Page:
Angew. Chem. 2008, 120, 8991 –8994
The effect of molecular weight, polydispersity (PDI), and
polymer composition on the aggregation behavior of amphiphilic diblock copolymers has been carefully documented.[6, 22, 23] In general, a decrease in the weight fraction
of the hydrophilic segment(s) leads to a decrease of the
spontaneous curvature of the aggregates going from spherical
micelles to cylindrical micelles and eventually bilayer aggregates. For polymers with moderate spontaneous curvature, it
has been demonstrated that also branched structures and
highly curved structures can be formed. Although the energy
of these aggregates is optimized when these cylinders have
uniform curvature, for example, in the form of straight rodlike
structures, system entropy can introduce bending as well as
branching of the cylinders. We can consider the aggregates of
1 and 2 as two different types of cylindrical structures with
varying degrees of branching.
The branching of cylindrical micelles, that is, both the
formation of networks and individual Y junctions, is associated with defect formation and has been attributed to a
frustrated packing of the polymer segments inside the
aggregate. Polymer aggregates have been shown not to
exchange monomers because of the extremely low critical
micelle concentration (CMC) of polymer amphiphiles. Consequently, for non-monodisperse polymers such as 1 and 2
(PDI 2.7 and 1.9, respectively; see the Supporting Information), the aggregates have to accommodate macromolecules
with quite different spontaneous curvature. Bates and Jain
demonstrated that local segregation of polymer chains with
the similar length and composition can lead to the formation
of regions and segments with different curvature.[22b] We
propose that in the present case the polydispersity of 1 and 2
accommodates the formation of branches, folds, and loops.
More precisely, for 1 the formation of many Y junctions gives
rise to a highly branched, bicontinuous network, whereas for
the aggregates of 2 the surface energy is optimized predominantly by the high curvature of the cylinders, and only to a
lower extent by the formation of Y junctions.
To our knowledge the aggregates observed for 1 and 2 are
unique and unprecedented structures. One remarkable aspect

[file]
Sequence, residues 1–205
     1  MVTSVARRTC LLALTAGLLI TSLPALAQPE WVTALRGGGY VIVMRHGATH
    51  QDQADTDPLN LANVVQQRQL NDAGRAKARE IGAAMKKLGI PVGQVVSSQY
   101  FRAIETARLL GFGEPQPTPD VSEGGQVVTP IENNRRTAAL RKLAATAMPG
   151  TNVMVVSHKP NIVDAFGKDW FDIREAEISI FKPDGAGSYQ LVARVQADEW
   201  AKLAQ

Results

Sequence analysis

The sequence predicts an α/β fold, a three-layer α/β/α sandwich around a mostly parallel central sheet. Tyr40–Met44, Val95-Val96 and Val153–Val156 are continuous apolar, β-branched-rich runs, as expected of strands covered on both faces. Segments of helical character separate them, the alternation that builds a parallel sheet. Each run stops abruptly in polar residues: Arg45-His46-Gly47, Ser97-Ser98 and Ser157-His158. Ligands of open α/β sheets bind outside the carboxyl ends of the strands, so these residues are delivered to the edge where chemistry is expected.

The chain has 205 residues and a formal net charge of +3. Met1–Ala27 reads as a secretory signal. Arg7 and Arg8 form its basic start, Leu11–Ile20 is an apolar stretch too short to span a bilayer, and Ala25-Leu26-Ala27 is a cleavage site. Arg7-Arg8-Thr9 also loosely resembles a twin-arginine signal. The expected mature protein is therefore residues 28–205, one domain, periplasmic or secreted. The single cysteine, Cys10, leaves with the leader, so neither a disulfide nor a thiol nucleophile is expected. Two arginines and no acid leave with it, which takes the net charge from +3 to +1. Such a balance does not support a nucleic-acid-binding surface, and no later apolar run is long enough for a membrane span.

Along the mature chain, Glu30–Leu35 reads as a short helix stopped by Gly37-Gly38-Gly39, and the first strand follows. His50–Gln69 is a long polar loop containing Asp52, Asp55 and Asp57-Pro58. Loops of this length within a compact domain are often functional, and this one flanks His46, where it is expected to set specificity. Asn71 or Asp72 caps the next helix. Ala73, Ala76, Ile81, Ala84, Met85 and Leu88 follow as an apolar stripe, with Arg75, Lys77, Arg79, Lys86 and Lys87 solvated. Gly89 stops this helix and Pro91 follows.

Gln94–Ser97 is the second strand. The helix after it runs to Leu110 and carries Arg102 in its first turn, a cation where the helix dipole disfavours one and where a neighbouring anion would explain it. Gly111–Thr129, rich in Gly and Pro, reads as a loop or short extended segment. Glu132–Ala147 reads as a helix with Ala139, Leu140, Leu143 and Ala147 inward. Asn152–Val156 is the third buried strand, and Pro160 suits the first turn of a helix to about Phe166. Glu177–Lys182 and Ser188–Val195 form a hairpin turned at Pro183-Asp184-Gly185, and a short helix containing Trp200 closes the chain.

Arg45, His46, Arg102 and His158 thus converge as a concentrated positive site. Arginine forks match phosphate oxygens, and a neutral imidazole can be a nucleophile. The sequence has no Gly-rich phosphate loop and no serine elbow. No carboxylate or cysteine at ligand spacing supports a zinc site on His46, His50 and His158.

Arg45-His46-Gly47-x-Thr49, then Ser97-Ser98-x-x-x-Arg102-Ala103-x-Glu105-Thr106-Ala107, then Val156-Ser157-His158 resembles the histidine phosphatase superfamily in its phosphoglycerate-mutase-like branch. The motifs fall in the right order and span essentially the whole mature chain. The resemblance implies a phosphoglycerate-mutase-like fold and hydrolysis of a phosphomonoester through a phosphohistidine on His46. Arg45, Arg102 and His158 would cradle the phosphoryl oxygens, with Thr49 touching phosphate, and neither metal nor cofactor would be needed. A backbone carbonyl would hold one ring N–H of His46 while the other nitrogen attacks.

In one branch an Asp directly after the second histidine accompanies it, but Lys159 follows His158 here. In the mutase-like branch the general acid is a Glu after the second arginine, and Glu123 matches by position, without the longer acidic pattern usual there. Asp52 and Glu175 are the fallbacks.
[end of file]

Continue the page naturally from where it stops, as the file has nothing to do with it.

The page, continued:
of the aggregates of 1 is that the network structure does not
extend into solution but seems to be confined within a
perforated shell.[23] Similarly, the wormlike structures formed
by 2 are extensively folded such that globular architectures
are formed (Figure 2 a). Although such structures have not
yet been observed experimentally, both have been described
as the results from the molecular modeling studies of
amphiphilic diblock copolymers in which droplets of the
polymer were dropped into a water bath, after which a phase
separation developed inside the confinement of the droplet.[24, 25] Under the experimental conditions used, it is
conceivable that the dropwise addition of water to a solution
of the polymers in DMSO causes a phase separation, leading
to the formation of DMSO–polymer droplets in an aqueous
volume. Following from such a situation, one may speculate
that the subsequent exchange of DMSO with water induces
the microphase separation that eventually results in the
polymer structures observed.
Importantly, in the above-mentioned simulation of Fraaije
and Sevinck, the different structures (folded worms, inter-
2008 Wiley-VCH Verlag GmbH & Co. KGaA, Weinheim
penetrating networks) arise as a function of the block length
ratios,[24] whereas in the present case these are the result of
different peptide sequences in the side chains. However, for a
given block copolymer system, the different structures in the
phase diagrams can also be obtained by adjusting the different
interaction parameters (c), which is highly likely to occur
upon changing the amino acid sequence in the side chains
going from 1 to 2.
In conclusion, we have investigated a new type of doublecomb diblock copolymer, in which one comb of polymer
blocks contains hydrophilic OEG side chains and the other
contains more hydrophobic tripeptide side chains. Upon
dispersion in water, these form unprecedented aggregates
that were analyzed in detail by cryoET. The power of this
technique enabled us to establish that the 3D structure of the
aggregates was characterized by a high degree of branching
and extreme curvature of the essentially micellar assemblies.
We demonstrated that the type of aggregates formed was
directed by the specific peptide sequence rather than by the
hydrophilic–hydrophobic balance of the polymers used,
although no evidence was obtained for a specific structural
organization of the peptide chains inside the polymer
aggregates. One intriguing and not fully resolved aspect
remains that the aggregate structures seem to exist within the
apparent spherical boundaries of the droplets that may have
formed upon the addition of water to the original polymer–
solvent solution. It is reasonable to assume that the relatively
broad molecular weight distributions (PDI = 1.9–2.7) of the
polymers facilitates the formation of such complex morphologies in a single aggregate structure by phase separation into
domains with different preferred curvature.
Experimental Section
See the Supporting Information.
Received: June 15, 2008
Published online: September 11, 2008
Keywords: aggregation · branching · electron microscopy ·
polynorbornene · self-assembly
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2008 Wiley-VCH Verlag GmbH & Co. KGaA, Weinheim
Angew. Chem. 2008, 120, 8991 –8994